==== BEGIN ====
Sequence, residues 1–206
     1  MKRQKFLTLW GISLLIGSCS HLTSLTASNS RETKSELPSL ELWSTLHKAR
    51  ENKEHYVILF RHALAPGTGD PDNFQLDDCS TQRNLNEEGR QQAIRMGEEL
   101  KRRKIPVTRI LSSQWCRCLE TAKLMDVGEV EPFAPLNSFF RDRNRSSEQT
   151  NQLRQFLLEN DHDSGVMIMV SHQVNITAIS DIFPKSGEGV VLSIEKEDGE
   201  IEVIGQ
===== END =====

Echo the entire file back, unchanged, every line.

Sequence, residues 1–206
     1  MKRQKFLTLW GISLLIGSCS HLTSLTASNS RETKSELPSL ELWSTLHKAR
    51  ENKEHYVILF RHALAPGTGD PDNFQLDDCS TQRNLNEEGR QQAIRMGEEL
   101  KRRKIPVTRI LSSQWCRCLE TAKLMDVGEV EPFAPLNSFF RDRNRSSEQT
   151  NQLRQFLLEN DHDSGVMIMV SHQVNITAIS DIFPKSGEGV VLSIEKEDGE
   201  IEVIGQ